Can Republicans Embrace Voting by Mail? Pennsylvania Offers a Test.

Can Republicans Embrace Voting by Mail? Pennsylvania Offers a Test.

When voters turned out in February to fill a vacant seat in the Pennsylvania House of Representatives, the stakes were nothing less than control of the chamber, which Democrats held by a single seat.

Candace Cabanas, the 45-year-old Republican candidate who was running as a working-class mom, faced an uphill battle, though not a hopeless one in a competitive district that has long favored Democrats.

But as Election Day dawned, a nor’easter dumped several inches of snow, stranding would-be voters at home. Bad luck dogged others: One woman backing Ms. Cabanas skipped the polls after she fell ill and was rushed to the hospital.

Ms. Cabanas’s Democratic opponent faced similar hurdles but had one advantage: More than 3,300 of his voters had mailed in their ballots early. Ms. Cabanas could count only 532.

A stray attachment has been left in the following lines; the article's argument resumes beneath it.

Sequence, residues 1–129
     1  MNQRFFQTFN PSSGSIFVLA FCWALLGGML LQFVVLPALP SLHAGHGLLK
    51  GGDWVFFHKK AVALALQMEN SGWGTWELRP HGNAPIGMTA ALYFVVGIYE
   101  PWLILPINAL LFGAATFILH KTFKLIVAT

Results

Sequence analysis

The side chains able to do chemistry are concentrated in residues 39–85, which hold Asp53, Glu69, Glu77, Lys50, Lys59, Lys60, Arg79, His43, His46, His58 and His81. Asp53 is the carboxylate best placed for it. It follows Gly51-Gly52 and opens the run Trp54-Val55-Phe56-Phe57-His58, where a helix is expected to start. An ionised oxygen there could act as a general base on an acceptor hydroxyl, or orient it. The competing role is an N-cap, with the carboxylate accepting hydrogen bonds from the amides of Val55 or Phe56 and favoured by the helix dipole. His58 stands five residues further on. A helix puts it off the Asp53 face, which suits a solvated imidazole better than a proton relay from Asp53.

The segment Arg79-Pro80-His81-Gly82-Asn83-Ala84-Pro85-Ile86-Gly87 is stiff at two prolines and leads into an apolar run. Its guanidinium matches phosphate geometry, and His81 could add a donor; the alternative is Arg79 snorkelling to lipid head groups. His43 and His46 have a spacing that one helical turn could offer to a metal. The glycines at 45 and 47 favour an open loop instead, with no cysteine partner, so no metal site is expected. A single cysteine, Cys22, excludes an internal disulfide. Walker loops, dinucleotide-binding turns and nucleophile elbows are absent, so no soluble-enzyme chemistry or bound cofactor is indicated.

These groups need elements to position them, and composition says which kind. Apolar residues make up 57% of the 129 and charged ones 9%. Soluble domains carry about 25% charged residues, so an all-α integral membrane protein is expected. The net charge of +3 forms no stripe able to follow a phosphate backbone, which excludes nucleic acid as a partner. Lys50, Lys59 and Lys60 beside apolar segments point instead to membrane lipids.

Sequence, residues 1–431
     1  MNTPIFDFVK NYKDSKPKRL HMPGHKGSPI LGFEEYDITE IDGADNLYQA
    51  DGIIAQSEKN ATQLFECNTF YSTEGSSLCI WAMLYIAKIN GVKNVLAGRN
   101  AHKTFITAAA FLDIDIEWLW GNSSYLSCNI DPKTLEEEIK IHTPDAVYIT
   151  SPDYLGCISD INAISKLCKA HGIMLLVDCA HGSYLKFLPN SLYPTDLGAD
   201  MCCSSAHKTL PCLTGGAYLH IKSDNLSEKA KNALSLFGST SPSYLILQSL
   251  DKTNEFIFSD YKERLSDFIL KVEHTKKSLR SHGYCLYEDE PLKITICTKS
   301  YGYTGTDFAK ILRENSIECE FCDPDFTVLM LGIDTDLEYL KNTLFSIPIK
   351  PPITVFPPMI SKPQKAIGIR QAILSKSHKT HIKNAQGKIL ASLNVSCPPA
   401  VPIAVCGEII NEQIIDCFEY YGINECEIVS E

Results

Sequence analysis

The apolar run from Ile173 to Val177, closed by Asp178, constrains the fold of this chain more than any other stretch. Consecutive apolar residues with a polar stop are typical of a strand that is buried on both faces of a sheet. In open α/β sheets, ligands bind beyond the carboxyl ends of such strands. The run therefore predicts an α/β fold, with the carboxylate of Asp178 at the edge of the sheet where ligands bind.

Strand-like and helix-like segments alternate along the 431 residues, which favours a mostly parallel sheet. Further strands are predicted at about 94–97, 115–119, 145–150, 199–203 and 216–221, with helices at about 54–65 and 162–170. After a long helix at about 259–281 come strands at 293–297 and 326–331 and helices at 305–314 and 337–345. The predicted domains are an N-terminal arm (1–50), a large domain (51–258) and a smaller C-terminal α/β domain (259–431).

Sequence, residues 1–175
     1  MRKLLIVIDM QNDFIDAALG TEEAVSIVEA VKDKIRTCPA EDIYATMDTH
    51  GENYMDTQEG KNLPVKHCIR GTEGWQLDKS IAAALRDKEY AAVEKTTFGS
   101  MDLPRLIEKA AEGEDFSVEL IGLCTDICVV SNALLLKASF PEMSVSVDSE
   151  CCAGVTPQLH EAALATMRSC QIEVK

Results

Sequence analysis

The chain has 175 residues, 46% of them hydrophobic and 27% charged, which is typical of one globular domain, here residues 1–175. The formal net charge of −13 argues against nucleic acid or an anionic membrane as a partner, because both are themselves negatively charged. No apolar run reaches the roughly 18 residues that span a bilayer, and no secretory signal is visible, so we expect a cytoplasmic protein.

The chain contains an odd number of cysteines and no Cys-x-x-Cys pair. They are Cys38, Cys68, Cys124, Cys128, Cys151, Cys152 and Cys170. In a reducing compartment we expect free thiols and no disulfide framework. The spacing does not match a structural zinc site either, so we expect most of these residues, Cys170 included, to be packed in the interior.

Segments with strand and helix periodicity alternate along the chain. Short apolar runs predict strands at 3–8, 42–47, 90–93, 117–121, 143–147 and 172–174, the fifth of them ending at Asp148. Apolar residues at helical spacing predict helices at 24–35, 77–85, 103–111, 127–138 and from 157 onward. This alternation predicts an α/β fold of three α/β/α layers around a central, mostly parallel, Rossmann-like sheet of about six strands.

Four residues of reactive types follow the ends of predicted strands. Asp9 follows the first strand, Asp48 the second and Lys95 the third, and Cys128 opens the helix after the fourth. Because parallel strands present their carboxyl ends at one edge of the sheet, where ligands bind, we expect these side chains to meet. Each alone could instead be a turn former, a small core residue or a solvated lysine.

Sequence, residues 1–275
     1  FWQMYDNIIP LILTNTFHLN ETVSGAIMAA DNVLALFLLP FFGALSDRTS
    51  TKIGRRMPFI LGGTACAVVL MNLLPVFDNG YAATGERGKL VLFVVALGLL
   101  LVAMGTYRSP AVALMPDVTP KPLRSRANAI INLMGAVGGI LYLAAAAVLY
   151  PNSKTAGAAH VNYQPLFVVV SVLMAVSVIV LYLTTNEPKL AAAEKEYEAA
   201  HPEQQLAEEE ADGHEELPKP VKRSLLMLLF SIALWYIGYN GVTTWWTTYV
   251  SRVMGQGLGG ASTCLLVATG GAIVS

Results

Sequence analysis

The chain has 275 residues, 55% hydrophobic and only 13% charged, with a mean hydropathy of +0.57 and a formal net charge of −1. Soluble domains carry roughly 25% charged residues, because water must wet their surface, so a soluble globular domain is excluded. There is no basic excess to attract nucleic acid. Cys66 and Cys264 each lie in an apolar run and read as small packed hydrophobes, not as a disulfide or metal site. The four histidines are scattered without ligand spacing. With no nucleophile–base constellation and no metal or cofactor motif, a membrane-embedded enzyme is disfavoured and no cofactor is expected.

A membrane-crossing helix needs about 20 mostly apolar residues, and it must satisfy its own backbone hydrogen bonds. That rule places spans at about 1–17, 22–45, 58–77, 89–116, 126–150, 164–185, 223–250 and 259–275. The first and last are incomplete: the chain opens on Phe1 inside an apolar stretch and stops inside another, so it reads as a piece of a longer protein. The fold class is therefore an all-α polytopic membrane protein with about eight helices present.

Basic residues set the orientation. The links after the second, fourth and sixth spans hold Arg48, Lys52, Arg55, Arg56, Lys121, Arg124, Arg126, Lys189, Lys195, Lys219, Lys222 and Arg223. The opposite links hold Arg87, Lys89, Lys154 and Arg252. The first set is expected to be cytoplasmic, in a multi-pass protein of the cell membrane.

Guess who won?

February’s lesson is not lost on Republican leaders in Pennsylvania, who have pledged to spend millions of dollars this year to promote voting by mail despite claiming for years — without evidence — that mailed votes are riddled with fraud. The national party is also pressing a pro-mail publicity campaign called “Bank Your Vote,” apparently after concluding that staking its candidates’ fates on a hefty Election Day turnout was not an optimal strategy.

They may have their work cut out for them. “Persuading Republican voters to use them is really difficult. They don’t trust the system,” Ms. Cabanas said of mail ballots.

Take George E. Bierman, an investment executive and registered Republican in Williamsport, a deeply red city about 170 miles northwest of Philadelphia. Mr. Bierman said he might consider casting a mail ballot “if I thought it would do any good.” But did he believe others would?

“Honestly, no, I don’t,” he said. “With everything that has transpired, I don’t trust the government in any way, shape or form.”